- Science Photo Library (SPL) is the world's leading specialist picture agency with a collection of more than 250,000 images. Although SPL covers all areas of science, from aerodynamics to zoology, the company is particularly proud of its very long history of working closely with astronomers and astrophotographers. SPL represents several of the most prestigious multinational observatories in the world, and works alongside the scientists of NASA and the European Space Agency. To learn more about Science Photo Library, please visit www.sciencephoto.com
- ASTRONET was created by a group of European funding agencies in order to establish comprehensive long-term planning for the development of European astronomy. The objective of this effort is to consolidate and reinforce the world-leading position that European astronomy attained at the beginning of the 21st century. The ASTRONET Symposium is being held 16-19 June and is hosted by Liverpool John Moores University. To learn more, please visit www.astronet-eu.org
- The Albert Dock in Liverpool is the largest grouping of Grade I listed buildings in Britain. With around four million visitors each year, the Dock is the most visited, multi-user attraction in the UK outside London. Today the Albert Dock consists of over 25 retail shops and has several unique visitor attractions, such as: Tate Liverpool, the Beatles Story, and Merseyside Maritime Museum. To learn more, please visit www.albertdock.com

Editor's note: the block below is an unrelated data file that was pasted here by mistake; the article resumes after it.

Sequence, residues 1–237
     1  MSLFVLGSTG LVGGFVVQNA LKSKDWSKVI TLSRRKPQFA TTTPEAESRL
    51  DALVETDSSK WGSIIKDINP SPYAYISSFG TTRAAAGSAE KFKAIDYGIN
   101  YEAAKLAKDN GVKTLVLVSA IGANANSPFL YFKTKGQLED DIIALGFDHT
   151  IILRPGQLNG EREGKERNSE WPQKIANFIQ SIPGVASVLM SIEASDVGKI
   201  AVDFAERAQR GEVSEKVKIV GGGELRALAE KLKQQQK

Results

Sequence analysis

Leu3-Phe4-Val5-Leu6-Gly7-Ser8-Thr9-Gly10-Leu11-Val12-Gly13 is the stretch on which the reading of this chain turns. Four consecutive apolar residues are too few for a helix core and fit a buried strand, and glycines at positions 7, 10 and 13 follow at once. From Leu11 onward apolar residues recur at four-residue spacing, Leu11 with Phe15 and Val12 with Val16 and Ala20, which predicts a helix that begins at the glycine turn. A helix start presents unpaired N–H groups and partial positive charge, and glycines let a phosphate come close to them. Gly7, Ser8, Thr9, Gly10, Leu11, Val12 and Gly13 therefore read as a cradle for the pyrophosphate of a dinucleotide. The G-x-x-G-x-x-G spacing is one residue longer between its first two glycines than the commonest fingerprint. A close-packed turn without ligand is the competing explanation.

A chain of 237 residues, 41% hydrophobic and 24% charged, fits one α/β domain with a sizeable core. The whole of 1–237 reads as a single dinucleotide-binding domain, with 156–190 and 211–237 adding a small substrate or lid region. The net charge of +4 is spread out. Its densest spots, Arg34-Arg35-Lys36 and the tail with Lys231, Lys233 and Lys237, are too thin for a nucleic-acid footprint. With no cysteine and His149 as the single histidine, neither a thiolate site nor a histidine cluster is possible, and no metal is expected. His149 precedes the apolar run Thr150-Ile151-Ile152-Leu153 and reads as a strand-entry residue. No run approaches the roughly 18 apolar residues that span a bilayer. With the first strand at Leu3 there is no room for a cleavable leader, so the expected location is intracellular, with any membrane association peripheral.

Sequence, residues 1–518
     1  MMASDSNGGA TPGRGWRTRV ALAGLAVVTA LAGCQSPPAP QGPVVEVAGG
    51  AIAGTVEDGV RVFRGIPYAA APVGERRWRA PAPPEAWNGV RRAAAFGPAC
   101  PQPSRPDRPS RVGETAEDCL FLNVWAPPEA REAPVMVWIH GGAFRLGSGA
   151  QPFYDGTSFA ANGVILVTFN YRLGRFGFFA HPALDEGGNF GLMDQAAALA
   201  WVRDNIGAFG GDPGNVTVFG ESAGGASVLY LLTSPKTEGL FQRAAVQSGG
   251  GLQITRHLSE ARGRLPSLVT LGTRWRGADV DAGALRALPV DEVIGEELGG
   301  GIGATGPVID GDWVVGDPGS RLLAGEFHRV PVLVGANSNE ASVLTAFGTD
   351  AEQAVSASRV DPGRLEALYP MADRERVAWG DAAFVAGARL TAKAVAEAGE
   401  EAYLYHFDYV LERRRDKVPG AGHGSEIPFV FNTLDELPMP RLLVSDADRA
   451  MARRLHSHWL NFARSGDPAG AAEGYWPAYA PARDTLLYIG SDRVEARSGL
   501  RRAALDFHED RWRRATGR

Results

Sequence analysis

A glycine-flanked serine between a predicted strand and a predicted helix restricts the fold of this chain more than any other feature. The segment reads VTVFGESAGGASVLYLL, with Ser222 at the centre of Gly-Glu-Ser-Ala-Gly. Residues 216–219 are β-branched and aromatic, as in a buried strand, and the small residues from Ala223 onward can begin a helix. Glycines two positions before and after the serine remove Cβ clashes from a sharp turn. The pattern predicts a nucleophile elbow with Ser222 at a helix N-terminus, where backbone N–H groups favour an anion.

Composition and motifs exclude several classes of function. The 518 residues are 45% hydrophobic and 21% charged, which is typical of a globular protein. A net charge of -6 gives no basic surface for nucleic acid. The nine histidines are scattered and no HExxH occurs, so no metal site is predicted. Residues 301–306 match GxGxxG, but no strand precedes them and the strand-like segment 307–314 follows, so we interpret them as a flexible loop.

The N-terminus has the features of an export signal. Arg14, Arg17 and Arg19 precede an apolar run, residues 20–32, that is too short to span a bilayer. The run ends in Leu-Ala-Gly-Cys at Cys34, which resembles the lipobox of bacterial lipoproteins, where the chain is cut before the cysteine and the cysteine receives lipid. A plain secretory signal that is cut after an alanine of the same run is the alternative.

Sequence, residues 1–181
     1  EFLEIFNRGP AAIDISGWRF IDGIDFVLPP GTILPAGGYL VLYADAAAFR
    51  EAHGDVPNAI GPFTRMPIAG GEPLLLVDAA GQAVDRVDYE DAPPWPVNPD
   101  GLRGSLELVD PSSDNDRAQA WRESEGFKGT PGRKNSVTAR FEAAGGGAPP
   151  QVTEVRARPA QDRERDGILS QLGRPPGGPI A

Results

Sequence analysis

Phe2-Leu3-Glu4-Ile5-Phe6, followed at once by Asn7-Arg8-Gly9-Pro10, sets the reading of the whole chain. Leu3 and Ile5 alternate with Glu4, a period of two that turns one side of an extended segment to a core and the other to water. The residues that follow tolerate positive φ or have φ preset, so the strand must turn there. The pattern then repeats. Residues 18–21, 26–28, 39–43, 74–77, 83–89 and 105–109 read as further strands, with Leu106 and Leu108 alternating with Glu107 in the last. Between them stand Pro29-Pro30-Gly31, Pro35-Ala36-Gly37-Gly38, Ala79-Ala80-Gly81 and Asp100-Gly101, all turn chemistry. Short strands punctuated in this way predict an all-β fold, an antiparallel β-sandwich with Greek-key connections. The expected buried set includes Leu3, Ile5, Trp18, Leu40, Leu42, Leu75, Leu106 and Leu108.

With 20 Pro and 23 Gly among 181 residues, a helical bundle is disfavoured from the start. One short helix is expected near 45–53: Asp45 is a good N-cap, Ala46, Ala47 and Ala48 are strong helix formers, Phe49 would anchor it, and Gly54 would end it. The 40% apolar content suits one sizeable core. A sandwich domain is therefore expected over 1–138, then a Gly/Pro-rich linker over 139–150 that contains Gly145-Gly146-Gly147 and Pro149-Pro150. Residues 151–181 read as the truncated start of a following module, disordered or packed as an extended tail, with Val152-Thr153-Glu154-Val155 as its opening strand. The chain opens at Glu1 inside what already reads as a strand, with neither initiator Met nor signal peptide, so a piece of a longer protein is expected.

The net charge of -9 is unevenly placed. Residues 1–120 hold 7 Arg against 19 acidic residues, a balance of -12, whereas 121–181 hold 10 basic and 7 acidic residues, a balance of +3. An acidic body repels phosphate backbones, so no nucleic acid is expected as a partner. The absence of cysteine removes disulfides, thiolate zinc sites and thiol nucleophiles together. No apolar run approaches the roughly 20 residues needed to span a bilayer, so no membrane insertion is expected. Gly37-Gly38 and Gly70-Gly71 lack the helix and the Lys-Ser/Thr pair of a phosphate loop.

- To learn more about Liverpool, the European Capital of Culture 2008, please visit www.liverpool08.com
For more information, please contact:
Liverpool From Earth to the Universe Exhibition manager
Manager, Scientific Relations, Science Photo Library, London, UK
From Earth to the Universe Co-Chair
Public Information Officer, Chandra X-ray Observatory, Cambridge, USA
Tel: +1- 617-496-7998
IAU Press Officer/Secretary of IAU IYA2009 Executive Committee Working Group
Lars Lindberg Christensen
ESA/Hubble & IAU, Garching, Germany
IYA 2009 Secretariat
IAU & ESA/Hubble, Garching, Germany
Space Education Programme Coordinator
UNESCO HQ, Paris